by Emily Conrad

I am familiar with discouragement. Just ask my friends.

Actually, please don’t. Just take my word for it that I have a tidy little list of things that aren’t going my way, and at times, it overwhelms me. The list says I am inadequate, alone, left to fend for myself in a world beyond my power to control.

In this kind of desperation, I want to run to God, but what will He say to me?

Something about my upbringing or my perfectionist heart insists that He will tell me to buck up, get back to work, do more, and do it with a better attitude. Having faith and living for eternity, when merged with my German stoicism and good girl mentality, translates to a kind of faith that insists I fake it until I make it.
I tend to think there’s Biblical basis for this belief even as I’m a desperate for a different response from the One I’m told is my Father, the Lover of my Soul, my Redeemer.

In a time like this, I remembered that a prophet once ran through the wilderness to meet with God in the midst of discouragement. I didn’t remember which prophet it was, or where to find the account of his journey, so I paged through the Old Testament to find out what happened, how this off-course, desperate prophet was received by his God.

The prophet is Elijah, and immediately, I was forced to admit my life is nowhere near as dramatic as his. My highs don’t involve successfully asking God to send down fire from heaven. My lows don’t involve queens threatening my life. I’ve never made my bed in the desert and asked to die in my discouragement. But this is where we find Elijah in 1 Kings 19, on his way to meet with God.

After asking to die, Elijah lies down and sleeps. He’s woken by an angel who says, “Arise and eat, for the journey is too great for you.” (1 Kings 19:7b, ESV)

The journey is too great for you.

I nod along. It’s too great for me, too. I long to join Elijah on this run to God, but still, I don’t know how an exhausted, discouraged servant will be received.

Elijah has a death wish anyway, so maybe this isn’t a concern for him. Or maybe he knows something about God that I sometimes doubt. Either way, he completes the journey and arrives at Mount Horeb (aka Mount Sinai, where God met with Moses).

God greets him with a question. “Why are you here, Elijah?” (1 Kings 19:9c, NET)

God had provided the nourishment Elijah had needed to complete this journey, so Elijah’s presence is clearly no surprise to Him. Not that anything ever is a surprise to God, which means God knew full well why Elijah had come. So, in asking this question this way, God did two things that give me hope:

He gave Elijah the opportunity to pour it all out.

He subtly reminded his servant that He knows him by name.

As I read this, I feel God doing the same for me. For you.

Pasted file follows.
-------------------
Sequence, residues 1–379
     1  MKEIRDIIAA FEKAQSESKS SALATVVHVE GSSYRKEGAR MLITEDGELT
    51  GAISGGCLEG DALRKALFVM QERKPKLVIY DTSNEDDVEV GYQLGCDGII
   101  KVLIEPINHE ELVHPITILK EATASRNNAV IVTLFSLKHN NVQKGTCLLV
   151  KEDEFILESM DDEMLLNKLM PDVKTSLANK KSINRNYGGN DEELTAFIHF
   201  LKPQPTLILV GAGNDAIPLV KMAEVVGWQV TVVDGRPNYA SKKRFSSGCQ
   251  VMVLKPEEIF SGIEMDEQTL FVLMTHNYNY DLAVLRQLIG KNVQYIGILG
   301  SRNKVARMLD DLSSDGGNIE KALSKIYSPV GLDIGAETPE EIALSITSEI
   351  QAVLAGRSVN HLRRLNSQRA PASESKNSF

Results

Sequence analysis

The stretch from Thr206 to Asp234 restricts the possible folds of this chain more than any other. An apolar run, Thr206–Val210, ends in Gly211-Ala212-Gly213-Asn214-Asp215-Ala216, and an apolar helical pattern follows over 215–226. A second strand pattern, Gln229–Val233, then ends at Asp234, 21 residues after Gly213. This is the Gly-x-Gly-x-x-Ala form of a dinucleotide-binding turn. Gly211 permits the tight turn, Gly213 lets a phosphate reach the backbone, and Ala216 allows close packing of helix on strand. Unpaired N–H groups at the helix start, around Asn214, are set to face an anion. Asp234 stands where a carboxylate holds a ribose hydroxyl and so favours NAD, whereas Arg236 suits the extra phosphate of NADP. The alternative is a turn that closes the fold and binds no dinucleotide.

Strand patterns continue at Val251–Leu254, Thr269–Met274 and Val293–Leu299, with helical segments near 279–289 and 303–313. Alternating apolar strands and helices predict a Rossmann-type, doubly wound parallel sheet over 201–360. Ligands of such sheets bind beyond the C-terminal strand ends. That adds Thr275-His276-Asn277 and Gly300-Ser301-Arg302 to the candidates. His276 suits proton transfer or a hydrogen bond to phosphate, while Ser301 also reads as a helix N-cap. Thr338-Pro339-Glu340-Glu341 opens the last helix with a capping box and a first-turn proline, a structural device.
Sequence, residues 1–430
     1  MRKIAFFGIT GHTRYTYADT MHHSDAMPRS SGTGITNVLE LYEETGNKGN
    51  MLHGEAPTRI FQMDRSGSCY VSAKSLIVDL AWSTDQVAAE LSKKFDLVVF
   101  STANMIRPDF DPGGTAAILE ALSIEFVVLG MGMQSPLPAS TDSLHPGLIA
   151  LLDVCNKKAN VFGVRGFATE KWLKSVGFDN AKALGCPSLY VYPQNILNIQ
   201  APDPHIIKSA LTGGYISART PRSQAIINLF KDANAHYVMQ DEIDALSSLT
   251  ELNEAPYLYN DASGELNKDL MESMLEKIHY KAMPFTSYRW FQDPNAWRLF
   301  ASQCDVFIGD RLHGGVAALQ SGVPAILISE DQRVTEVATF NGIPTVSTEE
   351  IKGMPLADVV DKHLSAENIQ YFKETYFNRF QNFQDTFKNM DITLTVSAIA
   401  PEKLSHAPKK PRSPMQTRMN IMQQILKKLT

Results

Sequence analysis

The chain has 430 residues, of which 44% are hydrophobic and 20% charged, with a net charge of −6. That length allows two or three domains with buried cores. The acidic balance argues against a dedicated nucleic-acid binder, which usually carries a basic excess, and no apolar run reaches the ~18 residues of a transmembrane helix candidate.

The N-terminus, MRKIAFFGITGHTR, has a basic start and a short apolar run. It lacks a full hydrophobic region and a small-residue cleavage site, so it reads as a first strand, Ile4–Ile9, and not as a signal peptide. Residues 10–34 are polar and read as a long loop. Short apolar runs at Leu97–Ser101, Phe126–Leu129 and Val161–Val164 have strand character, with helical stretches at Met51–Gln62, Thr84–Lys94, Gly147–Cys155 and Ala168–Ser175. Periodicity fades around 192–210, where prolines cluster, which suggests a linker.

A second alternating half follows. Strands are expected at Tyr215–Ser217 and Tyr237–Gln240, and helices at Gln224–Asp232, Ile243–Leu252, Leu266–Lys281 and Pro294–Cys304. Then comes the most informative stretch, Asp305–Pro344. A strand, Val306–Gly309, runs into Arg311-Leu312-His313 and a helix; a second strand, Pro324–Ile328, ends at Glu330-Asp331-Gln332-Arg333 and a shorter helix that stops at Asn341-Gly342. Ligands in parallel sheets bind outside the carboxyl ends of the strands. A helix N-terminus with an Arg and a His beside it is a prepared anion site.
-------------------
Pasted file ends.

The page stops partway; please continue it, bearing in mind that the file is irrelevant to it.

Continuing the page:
Why have you come, beloved? Tell me all about it.

Elijah rattles off his list of worries. You can read it in verse 10, but it goes something like this: I love You, and I hate to see You disrespected, but that’s all the people around me do. They tear down and kill. I’m alone, and I’m afraid.

God doesn’t interrupt. Instead, after listening, He responds in the most extraordinary way. He passes by. This is the beautiful passage where we hear of winds tearing the mountains and an earthquake shaking the ground and a fire appearing—but God isn’t in the wind or the quaking or the fire. God is in the whisper that follows.

In this context, I imagine God repeating His question in the most tender whisper, “What are you doing here, Elijah?”

Emily, why have you come?

Elijah repeats his list. Did he miss the wonder of the God of the universe calling him by name? Did God passing by, revealing Himself in such amazing ways, not knock all the fear and worry and self-pity right out of this guy?

Apparently not, and I can’t claim I would’ve behaved any differently. I think of the list of my concerns that I’ve repeated to friends, practically word for word each time. And I’ve repeated it to God, too. Does He have patience for this kind of thing, or is He ready to kick us out?

Praise God, He lavishes mercy and grace on His children.

After hearing that list through again, God gives Elijah instructions. Yes, those instructions do send Elijah back to work, but they also provide guidance to call a new prophet who would assist Elijah. And a reminder that Elijah isn’t alone. There are thousands who have been faithful.

Can you imagine the relief? God met Elijah’s great needs along this journey that was too much for him. God met with Elijah, who ran to Him. God listened. God appeared. God gave direction. God gave help.

Join me in running, won’t you? Our Father will not refuse us. We can head for the spiritual hills knowing we will not be sent away empty. We are invited to get away and meet with our God. We are His children, whom He loves.

We cannot muscle right attitudes into existence by maintaining a stiff upper lip. This is not a fake it until you make it kind of religion. This is a relationship where we bring our struggles to our God and allow Him to do the impossible in our hearts. He alone can take us from our lists of worries to renewed faith in His goodness and power.

Why have you come, Emily?

The journey is too great for me. But You, God, are greater. Renew my perspective. Give me direction. Change my heart to match Yours.

#Encouragement for when the journey is too much for you via @emilyrconrad